District Court, Salt Lake Department The Honorable Andrew H.
Stone No. 164906327
Carpenter, Attorney for Appellant
L. Barton and Ashley Wood, Attorneys for Appellee
Michele M. Christiansen Forster authored this Opinion, in
which Judges Gregory K. Orme and Diana Hagen concurred.
CHRISTIANSEN FORSTER, JUDGE.
Deidre Sue Janson appeals the district court's order
denying her motion to set aside a written stipulation (the
Stipulation) entered in her divorce action against Jeffrey
Alan Janson. We affirm.
The parties entered into the Stipulation following mediation
on November 14, 2016, to resolve the issues in their divorce.
As part of the Stipulation, Deidre agreed to pay Jeffrey
alimony of $2, 500 per month for eighteen months and $1, 500
per month for an additional eighteen months.
The Stipulation awarded the marital home to Jeffrey. Deidre
was awarded half of the equity in the home, less $45, 000
that constituted Jeffrey's inherited funds. The
Stipulation also divided the equity in the parties'
vehicles, requiring Deidre to pay Jeffrey $13, 178 from her
share of the parties' bank accounts to equalize the
vehicle equity disparity.
The parties had a number of retirement funds and accounts.
Regarding the retirement, the parties agreed as follows:
12. [Deidre] has the following retirement accounts: Utah
Retirement in the amount of approximately $72, 440; General
Electric in the approximate amount of $100, 435; Roth IRA in
the approximate amount of $18, 252; FDIC in the approximate
amount of $16, 719 and $17, 431; and Utah Pension in the
amount of $15, 281.
13. [Jeffrey] has the following retirement accounts: Fidelity
in the approximate amount of $22, 012; Bernstein in the
approximate amount of $18, 305.
14. The above retirement accounts will be divided equally
between the parties. In addition [Deidre] has a premarital
IRA in the approximate amount of $17, 682 which is her
15. [Jeffrey's] Alliant Technical Systems Pension plan
which will be divided pursuant to the Woodward formula.
16. The parties will share equally the cost of any qualified
domestic relation order.
On January 12, 2017, Deidre moved to set aside the
Stipulation on the ground that there was not a meeting of the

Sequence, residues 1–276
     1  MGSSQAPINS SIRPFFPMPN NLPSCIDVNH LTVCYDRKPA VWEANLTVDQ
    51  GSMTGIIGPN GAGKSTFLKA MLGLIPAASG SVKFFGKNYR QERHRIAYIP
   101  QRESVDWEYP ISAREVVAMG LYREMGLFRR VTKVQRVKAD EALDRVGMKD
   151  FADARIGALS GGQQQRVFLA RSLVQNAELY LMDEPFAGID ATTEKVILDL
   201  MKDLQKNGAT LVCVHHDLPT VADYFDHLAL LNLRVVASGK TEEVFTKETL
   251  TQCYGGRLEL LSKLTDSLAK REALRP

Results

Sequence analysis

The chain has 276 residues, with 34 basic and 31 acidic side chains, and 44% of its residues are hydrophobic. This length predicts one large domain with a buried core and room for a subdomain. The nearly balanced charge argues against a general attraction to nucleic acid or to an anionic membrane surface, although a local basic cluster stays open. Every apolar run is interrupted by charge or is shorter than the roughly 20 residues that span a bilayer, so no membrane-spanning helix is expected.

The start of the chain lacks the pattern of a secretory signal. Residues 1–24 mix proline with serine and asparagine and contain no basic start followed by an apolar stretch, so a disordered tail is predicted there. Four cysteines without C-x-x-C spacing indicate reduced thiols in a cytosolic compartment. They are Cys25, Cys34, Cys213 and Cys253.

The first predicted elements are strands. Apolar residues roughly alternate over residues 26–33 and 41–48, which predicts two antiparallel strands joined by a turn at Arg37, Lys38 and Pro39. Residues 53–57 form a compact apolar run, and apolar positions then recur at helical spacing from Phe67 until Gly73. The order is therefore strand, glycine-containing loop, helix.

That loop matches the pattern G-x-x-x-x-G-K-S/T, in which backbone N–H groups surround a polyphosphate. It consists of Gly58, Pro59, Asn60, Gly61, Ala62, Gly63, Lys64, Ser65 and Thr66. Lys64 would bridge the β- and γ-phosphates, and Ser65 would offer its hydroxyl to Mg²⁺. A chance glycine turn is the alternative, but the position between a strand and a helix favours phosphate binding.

minds regarding various provisions in the agreement. She
asserted that she "did not receive [Jeffrey's]
financial disclosures until the morning of mediation and was
not able to consult with her attorney prior to
mediation." She asserted that because her Utah pension
was listed with its approximate value alongside the other
retirement accounts, her understanding was that Jeffrey was
to receive only half of the listed $15, 281 partial lump sum
value of that pension rather than half of the entire monthly
payment amount as determined by a qualified domestic
relations order (QDRO). According to Deidre, the total value
of Jeffrey's half of the pension if the monthly payment
option were utilized would amount to approximately $80, 000.
Deidre claimed that had she understood that Jeffrey would be
entitled to half of the entire Utah pension, she would not
have agreed to provisions granting Jeffrey premarital equity
in the home. She pointed to the lack of specific dates for
the accounts to be divided and the impracticality of
preparing a QDRO for every retirement account as support for
her assertion that the Stipulation should be interpreted as
granting Jeffrey only half of the stated partial lump sum
value of her Utah pension account.
Jeffrey opposed the motion to set aside the Stipulation,
pointing out that his financial declaration was provided to
Deidre well in advance of mediation and that she was
represented by counsel at the mediation. He also explained
the discrepancy between how the Stipulation described the
division of his pension account and how it described the
division of Deidre's-his account had been partially
accrued prior to the marriage, whereas Deidre's had been
accrued entirely during the period of the marriage. He
asserted that Deidre was aware that an equal division of her
pension could result in him receiving half of the monthly
payments rather than half of the partial lump sum payout
value because her own financial declaration included a
summary of the various payout options. Jeffrey also asserted
that only three QDROs, at maximum, were necessary to divide
the retirement accounts.
In responding to Jeffrey's memorandum in opposition to
her motion, Deidre raised additional issues impacting the
Stipulation's alimony award-she indicated that after
filing the motion to set aside, she was involuntarily
terminated from her job without notice, that the loss of her
job precluded her from continuing to pay alimony, and that
Jeffrey had become eligible to draw on his social security
and retirement ...